Team

Goals

Headed goals

% headed

West Bromwich Albion

39

14

35.9

Swansea City

36

11

30.6

Middlesbrough

20

6

30.0

Crystal Palace

36

10

27.8

West Ham United

40

11

27.5

Leicester City

33

8

24.2

Arsenal

56

13

23.2

Manchester United

42

9

21.4

Watford

33

7

21.2

Everton

51

10

19.6

Liverpool

61

10

16.4

Tottenham Hotspur

55

7

12.7

Stoke City

33

4

12.1

Bournemouth

42

5

11.9

Southampton

33

3

9.1

Chelsea

59

5

8.5

Hull City

26

2

7.7

Burnley

31

2

6.5

Manchester City

54

3

5.6

Sunderland

24

0

0.0

[Note – not all these headed goals are from set-plays, even though West Brom’s percentage is the same]

It’s no wonder that Pulis has not only capitalised on the opportunity set-plays afford to get the ball at head height, but also that this more organised, more coachable aspect of play is something that the arch-pragmatist looks to exploit. The movement around set-plays can be deliberate and organised in a way that is harder to do in open play; the defensive structure at set-plays can also be arranged to minimise chances to be attacked on the counter.

Of course, having big lads and lumping the ball at them isn’t enough to be especially productive at set-plays (which West Brom clearly are: their 14 assists contrasts with the league mean this season of 5.6). You must think about how best to exploit the chances to make the most of them. West Brom’s tally of corners, for example, is low, compared to the league. They’ve had 118, joint fourth lowest with Burnley; only Sunderland (106), Middlesbrough (108), and Watford (109) have had fewer. But West Brom’s accuracy is good. They benefit from some excellent set-play takers, including Nacer Chadli, Matt Phillips, and Chris Brunt. They put the clear majority of their corners directly into the box, the mixer, if you will, and have a good rate of accuracy. They’re not the most accurate, or with the greatest proportion directly into the box, but they’re up there for both. Already, then, they are upping their opportunities by sending the ball into the most dangerous area with accuracy.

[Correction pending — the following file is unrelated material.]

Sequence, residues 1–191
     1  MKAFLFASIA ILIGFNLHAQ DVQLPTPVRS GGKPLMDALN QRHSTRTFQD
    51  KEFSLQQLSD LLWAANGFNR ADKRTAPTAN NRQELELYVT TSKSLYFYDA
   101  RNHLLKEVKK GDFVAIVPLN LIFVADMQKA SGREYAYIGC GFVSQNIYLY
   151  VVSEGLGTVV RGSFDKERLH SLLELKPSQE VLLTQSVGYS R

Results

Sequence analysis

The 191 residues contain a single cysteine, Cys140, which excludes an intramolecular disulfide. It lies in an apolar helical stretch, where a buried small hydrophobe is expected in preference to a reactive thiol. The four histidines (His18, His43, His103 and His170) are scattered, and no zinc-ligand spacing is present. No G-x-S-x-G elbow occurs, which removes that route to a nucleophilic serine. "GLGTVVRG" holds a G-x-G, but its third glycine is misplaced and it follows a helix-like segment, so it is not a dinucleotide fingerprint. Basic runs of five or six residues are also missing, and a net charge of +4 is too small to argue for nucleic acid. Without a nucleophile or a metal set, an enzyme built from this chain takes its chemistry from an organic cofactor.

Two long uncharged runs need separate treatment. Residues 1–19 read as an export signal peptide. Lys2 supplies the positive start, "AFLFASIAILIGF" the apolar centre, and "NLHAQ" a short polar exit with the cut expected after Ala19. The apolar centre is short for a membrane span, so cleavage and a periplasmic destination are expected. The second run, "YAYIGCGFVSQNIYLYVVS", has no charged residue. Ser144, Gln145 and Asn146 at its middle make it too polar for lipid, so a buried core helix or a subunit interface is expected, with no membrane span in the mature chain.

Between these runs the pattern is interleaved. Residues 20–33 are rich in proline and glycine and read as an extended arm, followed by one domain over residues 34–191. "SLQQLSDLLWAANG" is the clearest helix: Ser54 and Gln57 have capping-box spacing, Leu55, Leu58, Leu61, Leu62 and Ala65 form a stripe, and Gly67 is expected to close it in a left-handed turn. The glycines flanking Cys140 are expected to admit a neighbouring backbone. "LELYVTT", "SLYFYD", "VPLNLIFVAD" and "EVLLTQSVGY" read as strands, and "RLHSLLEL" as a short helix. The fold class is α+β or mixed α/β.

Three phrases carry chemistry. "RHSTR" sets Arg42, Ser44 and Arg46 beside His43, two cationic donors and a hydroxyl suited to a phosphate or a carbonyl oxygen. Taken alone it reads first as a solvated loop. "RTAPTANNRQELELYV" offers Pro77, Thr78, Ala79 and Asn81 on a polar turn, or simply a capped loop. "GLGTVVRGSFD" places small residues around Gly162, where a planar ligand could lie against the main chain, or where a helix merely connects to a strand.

Table showing % of corners into the box and % accuracy, ranked by accuracy

Team

Corners

Corners into box

Successful corners into box

% into box

% into box successful

Stoke City

138

127

52

92.0

40.9

Burnley

118

113

46

95.8

40.7

West Bromwich Albion

118

108

41

91.5

38.0

West Ham United

139

126

46

90.6

36.5

Swansea City

142

124

45

87.3

36.3

Hull City

130

122

44

93.8

36.1

Crystal Palace

145

134

48

92.4

35.8

Chelsea

155

105

37

67.7

35.2

Manchester City

200

150

52

75.0

34.7

Watford

109

93

30

85.3

32.3

Tottenham Hotspur

192

143

44

74.5

30.8

Everton

152

119

36

78.3

30.3

Sunderland

106

90

27

84.9

30.0

Middlesbrough

108

96

28

88.9

29.2

Southampton

136

124

33

91.2

26.6

Leicester City

138

102

27

73.9

26.5

Liverpool

207

161

41

77.8

25.5

Arsenal

153

118

30

77.1

25.4

Bournemouth

166

95

24

57.2

25.3

Manchester United

169

141

32

83.4

22.7

So how do West Brom do it, accuracy and directness aside? Below are the two corners scored against Arsenal. The Gunners’ first error was to mark in what appears to be a zonal fashion. In the first image, you can see a player standing on Petr Cech, and two more directly in front of the ‘keeper, being marked.